By Grant Campbell 

I’m a big believer in analytics and am constantly looking at CF%, GAR, xGAR, WAR and RAPM charts, etc. for clarity and guidance on player performance and have used them many times in articles. When I think there is a disconnect it needs to be looked at a little closer.  Especially when it directs a narrative about certain players that might not be as accurate as it should be. This is certainly not an attack on any of those advanced stats, but just an observation that they shouldn’t be taken as an absolute. 

Goals Above Replacement (GAR, WAR, and SPAR) is a metric that attempts to assign a total value to each player, which represents how much that player contributed to their team in a single number. 

Case in point, Quinn Hughes’s play this season (2020-21). If we look at EVD (Even-Strength Defense Goals Above Average/Replacement Level) Hughes was 7th worst in the NHL at -3.3 just ahead of Josh Morrissey at -3.1. If we look at Even-Strength Defence Wins Above Replacement (-0.46) Hughes was last just ahead of teammate Tyler Myers (another issue altogether) and lastly throw in 5v5 xGA/60 and Hughes came out near the bottom once again.

Each of these categories is weighted to the point where they outweigh his offensive contribution and put Hughes as a negative contributor in xGAR (-1.4) and xWAR (-1.0) and just barely above replacement in GAR (0.4) and WAR (0.1). I realize these are estimates but to tell me that the contribution of Hughes is that of a replacement-level player this season is simply untrue.

So one of two things is happening. I’m over-inflating the value that Quinn Hughes brings to the Canucks on a nightly basis and he is in fact one of the worst defenders in his own end or the analytics are putting a little too much weight on certain aspects of the defensive side of things and too little on other contributing factors. I’m going with the latter.

The reason I’m focusing on Hughes for this article is that I’ve been able to watch every shift of his this season and I feel that I can comment more confidently than say Josh Morrissey or Morgan Rielly who I don’t watch nearly as much. 

Let’s compare Hughes and his ex-teammate Alexander Edler with their EVD and drill a little deeper solely into their measurable defensive statistics. Hughes was minus 3.3 in EVD and Edler led the Canucks with a positive 1.8 EVD which on the surface gives us the impression that Edler is a much better defender (and one on one in front of the net I would tend to agree). 

Using Frozen Tools Player Comparison, we see that the biggest differences for Edler and Hughes are plus/minus, hits, blocks, giveaways and zone starts. This leads me to believe that an emphasis is put on these highlighted stats and a blocked shot equates to good defence, which is not always the case. 

Expanding on blocked shots and the correlation to good defense I took the top 10 in the league and compared where they were for EVD and took the bottom 10 as well. The top 10 had a cumulative EVD of 11.9 while the bottom 10 were minus 10.4.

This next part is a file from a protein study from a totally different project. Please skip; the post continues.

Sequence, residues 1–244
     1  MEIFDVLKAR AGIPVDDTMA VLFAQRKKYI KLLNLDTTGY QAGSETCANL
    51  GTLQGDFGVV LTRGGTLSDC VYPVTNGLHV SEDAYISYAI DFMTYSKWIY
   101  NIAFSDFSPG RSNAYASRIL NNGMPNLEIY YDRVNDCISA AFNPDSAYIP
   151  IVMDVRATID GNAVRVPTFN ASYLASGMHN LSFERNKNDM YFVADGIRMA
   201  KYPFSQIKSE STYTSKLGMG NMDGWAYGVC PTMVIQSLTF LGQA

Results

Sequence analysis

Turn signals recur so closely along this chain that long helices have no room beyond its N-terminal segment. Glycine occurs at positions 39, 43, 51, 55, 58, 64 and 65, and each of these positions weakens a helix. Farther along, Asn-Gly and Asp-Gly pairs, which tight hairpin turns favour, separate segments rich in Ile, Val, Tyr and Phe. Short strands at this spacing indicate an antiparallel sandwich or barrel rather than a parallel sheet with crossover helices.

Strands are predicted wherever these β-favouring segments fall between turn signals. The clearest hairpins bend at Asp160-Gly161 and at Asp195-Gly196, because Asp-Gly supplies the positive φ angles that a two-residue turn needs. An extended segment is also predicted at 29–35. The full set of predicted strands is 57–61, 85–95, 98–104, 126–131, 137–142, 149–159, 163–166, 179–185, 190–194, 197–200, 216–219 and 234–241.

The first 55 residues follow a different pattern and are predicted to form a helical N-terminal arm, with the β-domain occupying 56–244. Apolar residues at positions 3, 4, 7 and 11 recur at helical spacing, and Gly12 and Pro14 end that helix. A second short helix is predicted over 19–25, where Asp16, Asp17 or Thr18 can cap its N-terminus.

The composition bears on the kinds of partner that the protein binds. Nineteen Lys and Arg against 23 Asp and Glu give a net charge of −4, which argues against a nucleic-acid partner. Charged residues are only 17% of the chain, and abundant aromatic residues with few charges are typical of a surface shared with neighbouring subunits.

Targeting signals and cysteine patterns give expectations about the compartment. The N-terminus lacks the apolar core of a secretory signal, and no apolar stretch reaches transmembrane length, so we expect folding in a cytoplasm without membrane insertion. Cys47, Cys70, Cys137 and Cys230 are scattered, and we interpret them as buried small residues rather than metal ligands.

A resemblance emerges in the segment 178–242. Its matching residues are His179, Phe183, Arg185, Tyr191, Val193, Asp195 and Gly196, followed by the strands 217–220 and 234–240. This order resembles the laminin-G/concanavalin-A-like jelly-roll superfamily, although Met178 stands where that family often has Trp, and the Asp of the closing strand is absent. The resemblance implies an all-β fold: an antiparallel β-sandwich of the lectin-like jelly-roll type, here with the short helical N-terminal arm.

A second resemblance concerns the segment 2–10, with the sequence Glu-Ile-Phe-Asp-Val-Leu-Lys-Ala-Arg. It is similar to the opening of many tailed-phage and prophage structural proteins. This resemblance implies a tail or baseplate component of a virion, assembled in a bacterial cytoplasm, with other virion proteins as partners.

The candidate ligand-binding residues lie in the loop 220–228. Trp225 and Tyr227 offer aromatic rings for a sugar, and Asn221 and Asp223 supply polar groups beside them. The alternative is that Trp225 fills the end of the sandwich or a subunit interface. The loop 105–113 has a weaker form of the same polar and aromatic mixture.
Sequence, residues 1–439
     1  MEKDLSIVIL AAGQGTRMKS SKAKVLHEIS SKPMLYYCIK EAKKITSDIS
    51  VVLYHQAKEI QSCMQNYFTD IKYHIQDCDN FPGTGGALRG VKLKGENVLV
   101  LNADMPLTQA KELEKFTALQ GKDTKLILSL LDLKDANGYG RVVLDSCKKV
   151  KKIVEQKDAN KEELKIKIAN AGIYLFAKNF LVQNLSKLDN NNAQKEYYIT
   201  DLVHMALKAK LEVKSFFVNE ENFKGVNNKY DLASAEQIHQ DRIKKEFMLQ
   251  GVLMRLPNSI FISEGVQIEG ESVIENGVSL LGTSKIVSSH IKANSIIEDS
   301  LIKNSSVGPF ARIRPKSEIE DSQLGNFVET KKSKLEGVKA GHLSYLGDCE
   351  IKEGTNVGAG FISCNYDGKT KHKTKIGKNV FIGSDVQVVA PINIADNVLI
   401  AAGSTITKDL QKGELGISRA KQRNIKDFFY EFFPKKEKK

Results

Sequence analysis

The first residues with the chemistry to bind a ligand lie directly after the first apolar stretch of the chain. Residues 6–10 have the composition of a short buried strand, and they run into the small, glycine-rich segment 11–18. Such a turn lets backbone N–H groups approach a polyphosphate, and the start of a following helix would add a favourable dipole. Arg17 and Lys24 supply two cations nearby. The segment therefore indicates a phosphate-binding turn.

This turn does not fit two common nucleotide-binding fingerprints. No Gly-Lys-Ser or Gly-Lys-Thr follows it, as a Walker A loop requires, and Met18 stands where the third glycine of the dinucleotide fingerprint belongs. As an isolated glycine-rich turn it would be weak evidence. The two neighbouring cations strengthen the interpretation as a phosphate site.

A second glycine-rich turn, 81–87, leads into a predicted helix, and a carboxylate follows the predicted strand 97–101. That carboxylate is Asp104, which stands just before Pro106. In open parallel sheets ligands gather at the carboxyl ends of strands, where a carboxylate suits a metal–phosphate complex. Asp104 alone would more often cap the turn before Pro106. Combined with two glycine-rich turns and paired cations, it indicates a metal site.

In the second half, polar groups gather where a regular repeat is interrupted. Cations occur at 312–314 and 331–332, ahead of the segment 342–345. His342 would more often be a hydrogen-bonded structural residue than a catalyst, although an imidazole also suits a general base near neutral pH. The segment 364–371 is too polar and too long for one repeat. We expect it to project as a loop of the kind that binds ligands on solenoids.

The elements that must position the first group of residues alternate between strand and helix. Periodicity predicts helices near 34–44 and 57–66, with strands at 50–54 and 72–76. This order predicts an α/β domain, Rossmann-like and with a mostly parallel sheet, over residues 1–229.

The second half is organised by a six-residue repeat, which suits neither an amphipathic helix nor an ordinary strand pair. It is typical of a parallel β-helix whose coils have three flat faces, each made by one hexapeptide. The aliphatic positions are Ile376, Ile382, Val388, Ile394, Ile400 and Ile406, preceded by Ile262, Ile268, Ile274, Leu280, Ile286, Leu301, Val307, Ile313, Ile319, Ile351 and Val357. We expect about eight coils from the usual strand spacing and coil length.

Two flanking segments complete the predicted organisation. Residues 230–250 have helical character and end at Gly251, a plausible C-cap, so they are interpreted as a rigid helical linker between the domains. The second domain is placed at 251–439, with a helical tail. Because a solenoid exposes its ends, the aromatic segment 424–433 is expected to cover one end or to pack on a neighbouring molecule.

Stats aren’t publicly kept for bad pinches, getting caught on two-on-ones, leaving your check open in the slot or getting beat one on one except when it generates a chance or a goal.  Those instances will never isolate the player that caused those events to happen either and all the skaters on the ice will be equally responsible. Neither are they kept at the NHL level for controlled zone exits or successfully coming out with the puck in board battles, but these are both elements that Hughes excels at and doesn’t get credit for on defense. 

I’m not going to argue that Hughes is a good defender away from the puck. He simply isn’t and probably never will be but I will die on the hill that states he is a very good defenseman that contributes much more to the team than any other on the Canucks and he is being unfairly cast as a horrible defender. 

Has he taken a step back from last year? No doubt. Does he struggle defending in front of his own next? Of course. Has he performed to a level this season that would measure him as the best Canuck after 32 games? Hughes has been the best defensemen on the Canucks this season and it’s not even close, yet he was 5th in GAR and WAR and 6th in xGAR and xWAR in 2020-21. That is a broken metric for Hughes.

To focus on some things that Hughes does that no other defenceman on the Canucks can do with regularity is his ability to skate them out of trouble, his ability to pass them out of trouble. He rarely makes a bad pass in his own end and when pressured he usually makes good decisions with the puck. When he has the puck or has a chance on the puck he is excellent. When he doesn’t have the puck, his positioning has improved in the slot from last season and he does quite well along the boards in battles. His gap control seems fine, but he can get beat one on one or get caught up ice, but that is usually on the forward that isn’t covering properly. To be honest, I thought he was going to be much more of a liability in his own end than he has actually been. He’s a high-risk high-reward defenseman who is going to make some mistakes. 

I’m convinced there is a certain style of play in defense that gets rewarded and another style that gets dinged and it is something small that is being weighed too much or too less in an algorithm. Whether it is the intent of the stat or not to reflect an overall total value to a player, people that see it can take away a false perception very easily and an unfair narrative ensue. 

Part of the reasoning for this website was to bridge the gap between analytics and the eye test, but it will always be a work in progress.